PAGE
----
Turning to the merits, DWG first contends that the district court erred by failing to determine the relative distinctiveness of the mark. In its order, the district court stated that "RUFI's U.S. Prime service mark seems to be either 'descriptive' or 'suggestive,' indicating some quality or ingredient of the goods." This court therefore finds no merit in DWG's argument.
As for DWG's arguments that the district court erred in concluding that RUFI's mark had acquired secondary meaning and that there existed a likelihood of confusion between DWG's and RUFI's marks, this court concludes that the district court's factual determinations on these issues were not clearly erroneous.
The district court did not explicitly address DWG's disclaimer defense in its order granting a preliminary injunction. Here, however, there are no disputed facts underlying the disclaimer defense. Because remand to the district court would needlessly consume judicial resources, this court addresses the merits of the disclaimer defense. See McCord v. Bailey, 636 F.2d 606, 613 (D.C. Cir. 1980). A disclaimer of a federal registration disavows any exclusive right to use the disclaimed words except within the composite mark. See Pizzeria Uno Corp. v. Temple, 747 F.2d 1522, 1529 (4th Cir. 1984). DWG concedes that RUFI has not disclaimed the "U.S. Prime" mark RUFI seeks to enforce. Apparently, DWG relies on the disclaimer of one of RUFI's earlier registered marks. Disclaimer of a previous mark, however, does not affect the validity of a subsequent registration without a disclaimer if the disclaimed matter has become distinctive. See 15 U.S.C. § 1056(b) ("No disclaimer . . . shall prejudice or affect the applicant's or registrant's rights then existing or thereafter arising in the disclaimed matter, or his right of registration on another application if the disclaimed matter be or shall have become distinctive of his goods or services."). DWG does not present any argument to rebut the application of 15 U.S.C. § 1056(b) in this case. Accordingly, we find no merit to DWG's disclaimer defense.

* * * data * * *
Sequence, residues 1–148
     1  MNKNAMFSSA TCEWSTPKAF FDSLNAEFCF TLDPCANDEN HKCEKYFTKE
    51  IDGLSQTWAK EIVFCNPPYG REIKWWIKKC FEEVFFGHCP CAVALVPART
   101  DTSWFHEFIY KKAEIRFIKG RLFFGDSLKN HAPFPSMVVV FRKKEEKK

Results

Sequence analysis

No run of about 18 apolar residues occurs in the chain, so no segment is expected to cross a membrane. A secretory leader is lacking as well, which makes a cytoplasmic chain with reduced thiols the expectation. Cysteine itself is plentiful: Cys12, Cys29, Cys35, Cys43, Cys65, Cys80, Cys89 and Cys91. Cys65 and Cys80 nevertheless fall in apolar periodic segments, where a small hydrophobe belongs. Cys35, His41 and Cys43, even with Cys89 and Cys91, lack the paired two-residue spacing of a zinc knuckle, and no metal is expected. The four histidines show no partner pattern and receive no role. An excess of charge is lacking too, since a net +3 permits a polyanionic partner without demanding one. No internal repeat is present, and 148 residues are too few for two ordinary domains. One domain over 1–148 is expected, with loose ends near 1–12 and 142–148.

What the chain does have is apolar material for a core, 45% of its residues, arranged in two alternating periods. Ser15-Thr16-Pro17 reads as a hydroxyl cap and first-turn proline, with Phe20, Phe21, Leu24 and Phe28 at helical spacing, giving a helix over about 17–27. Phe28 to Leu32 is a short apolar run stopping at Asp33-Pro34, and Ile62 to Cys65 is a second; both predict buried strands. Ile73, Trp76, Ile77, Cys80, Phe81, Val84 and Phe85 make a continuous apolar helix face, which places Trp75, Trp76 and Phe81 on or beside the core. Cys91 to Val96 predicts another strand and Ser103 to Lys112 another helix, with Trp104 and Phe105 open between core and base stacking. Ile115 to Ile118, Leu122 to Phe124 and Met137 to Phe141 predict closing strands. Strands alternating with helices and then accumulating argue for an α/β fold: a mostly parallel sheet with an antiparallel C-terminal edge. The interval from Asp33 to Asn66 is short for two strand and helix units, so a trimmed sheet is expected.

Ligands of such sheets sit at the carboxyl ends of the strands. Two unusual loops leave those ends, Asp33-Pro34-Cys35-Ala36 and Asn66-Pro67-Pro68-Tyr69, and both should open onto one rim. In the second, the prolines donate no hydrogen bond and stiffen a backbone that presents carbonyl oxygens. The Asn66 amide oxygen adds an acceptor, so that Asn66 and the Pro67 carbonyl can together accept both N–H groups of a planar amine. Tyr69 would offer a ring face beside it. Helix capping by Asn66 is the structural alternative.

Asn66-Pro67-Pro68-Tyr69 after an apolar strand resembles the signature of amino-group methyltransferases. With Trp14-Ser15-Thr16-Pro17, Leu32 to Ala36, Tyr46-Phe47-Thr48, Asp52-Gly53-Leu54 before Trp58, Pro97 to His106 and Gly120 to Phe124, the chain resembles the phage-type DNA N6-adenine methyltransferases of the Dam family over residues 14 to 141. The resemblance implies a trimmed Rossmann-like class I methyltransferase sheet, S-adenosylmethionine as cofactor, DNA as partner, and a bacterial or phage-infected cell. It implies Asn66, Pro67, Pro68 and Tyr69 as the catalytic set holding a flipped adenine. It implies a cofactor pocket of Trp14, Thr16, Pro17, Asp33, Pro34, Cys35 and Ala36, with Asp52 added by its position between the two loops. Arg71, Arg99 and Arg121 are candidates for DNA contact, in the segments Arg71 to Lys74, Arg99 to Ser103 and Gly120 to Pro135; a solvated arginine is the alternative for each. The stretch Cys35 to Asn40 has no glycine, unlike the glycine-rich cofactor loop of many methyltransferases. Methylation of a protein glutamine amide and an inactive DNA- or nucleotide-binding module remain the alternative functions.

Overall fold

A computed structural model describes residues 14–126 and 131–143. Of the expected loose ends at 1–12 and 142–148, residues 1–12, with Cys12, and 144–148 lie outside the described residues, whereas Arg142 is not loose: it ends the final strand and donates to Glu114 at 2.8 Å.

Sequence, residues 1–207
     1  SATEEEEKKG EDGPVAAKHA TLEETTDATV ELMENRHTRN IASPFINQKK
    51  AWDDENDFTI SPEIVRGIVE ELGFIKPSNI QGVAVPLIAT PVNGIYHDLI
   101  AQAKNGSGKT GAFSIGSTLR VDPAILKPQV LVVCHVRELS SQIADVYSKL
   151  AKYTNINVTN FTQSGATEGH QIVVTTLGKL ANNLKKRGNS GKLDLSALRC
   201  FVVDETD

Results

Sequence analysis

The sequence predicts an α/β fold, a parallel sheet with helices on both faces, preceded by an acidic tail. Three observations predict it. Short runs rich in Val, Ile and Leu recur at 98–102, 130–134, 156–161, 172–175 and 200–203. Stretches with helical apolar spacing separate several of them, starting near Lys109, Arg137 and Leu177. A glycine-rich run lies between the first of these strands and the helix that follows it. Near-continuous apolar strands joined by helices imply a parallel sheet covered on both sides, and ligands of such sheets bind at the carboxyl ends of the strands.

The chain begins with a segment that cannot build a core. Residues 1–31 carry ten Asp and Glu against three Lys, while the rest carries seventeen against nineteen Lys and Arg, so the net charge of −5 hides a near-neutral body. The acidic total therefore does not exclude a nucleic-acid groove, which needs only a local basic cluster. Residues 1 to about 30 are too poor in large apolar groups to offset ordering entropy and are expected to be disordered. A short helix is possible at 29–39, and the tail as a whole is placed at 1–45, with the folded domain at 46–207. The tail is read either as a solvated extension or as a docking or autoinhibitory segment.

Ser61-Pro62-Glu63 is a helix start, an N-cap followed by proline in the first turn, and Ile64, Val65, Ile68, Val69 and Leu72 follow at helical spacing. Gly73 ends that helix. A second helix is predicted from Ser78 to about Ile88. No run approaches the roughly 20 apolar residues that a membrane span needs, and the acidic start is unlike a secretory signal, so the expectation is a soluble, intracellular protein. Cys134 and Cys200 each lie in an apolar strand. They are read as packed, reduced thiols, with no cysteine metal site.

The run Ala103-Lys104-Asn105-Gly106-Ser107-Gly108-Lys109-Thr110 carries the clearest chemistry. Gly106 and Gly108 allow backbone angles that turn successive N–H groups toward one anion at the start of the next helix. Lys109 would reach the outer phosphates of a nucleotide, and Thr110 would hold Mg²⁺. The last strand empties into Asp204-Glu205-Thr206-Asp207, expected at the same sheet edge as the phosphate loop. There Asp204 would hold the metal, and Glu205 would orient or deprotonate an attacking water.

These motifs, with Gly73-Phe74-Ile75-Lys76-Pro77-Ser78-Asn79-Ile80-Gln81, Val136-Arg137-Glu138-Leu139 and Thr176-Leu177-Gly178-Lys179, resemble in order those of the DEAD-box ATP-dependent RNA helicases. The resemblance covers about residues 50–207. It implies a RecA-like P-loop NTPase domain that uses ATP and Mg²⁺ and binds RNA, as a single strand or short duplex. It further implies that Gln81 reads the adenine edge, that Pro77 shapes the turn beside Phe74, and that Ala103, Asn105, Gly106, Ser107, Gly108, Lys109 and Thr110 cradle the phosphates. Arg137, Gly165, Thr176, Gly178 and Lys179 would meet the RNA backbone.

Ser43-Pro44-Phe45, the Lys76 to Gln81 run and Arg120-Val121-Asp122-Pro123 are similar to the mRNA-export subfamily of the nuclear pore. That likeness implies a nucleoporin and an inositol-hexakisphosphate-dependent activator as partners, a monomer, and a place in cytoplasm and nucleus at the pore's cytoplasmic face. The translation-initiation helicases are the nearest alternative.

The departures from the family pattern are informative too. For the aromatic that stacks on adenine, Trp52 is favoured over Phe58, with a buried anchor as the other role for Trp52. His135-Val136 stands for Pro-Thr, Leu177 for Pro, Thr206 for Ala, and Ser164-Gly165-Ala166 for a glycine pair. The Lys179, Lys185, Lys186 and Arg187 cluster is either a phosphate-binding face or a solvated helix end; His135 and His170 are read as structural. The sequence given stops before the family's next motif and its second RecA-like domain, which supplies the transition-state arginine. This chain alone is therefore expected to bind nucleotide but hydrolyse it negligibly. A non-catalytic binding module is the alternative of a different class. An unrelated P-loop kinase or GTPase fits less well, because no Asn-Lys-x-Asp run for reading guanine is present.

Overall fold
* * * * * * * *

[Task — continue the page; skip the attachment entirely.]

Finally, this court concludes that the district court did not abuse its discretion in declining to address DWG's unclean hands defense. DWG's defense rests heavily on its claim that RUFI falsely advertised the grade of beef allegedly depicted in a Ruth's Chris advertisement. This claim, however, is not substantiated in DWG's briefs or supported by the portions of the record cited. See Gamble, Simmons & Co. v. Kerr-McGee Corp., 175 F.3d 762, 773 n.5 (10th Cir. 1999) ("In the absence of sufficient citation to record support for a party's allegations, we decline to search for the proverbial needle in a haystack.").
The United States District Court for the District of Utah did not abuse its discretion and its order granting a preliminary injunction is therefore AFFIRMED.
ENTERED FOR THE COURT
Michael R. Murphy
*. This order and judgment is not binding precedent, except under the doctrines of law of the case, res judicata and collateral estoppel. The court generally disfavors the citation of orders and judgments; nevertheless, an order and judgment may be cited under the terms and conditions of 10th Cir. R. 36.3.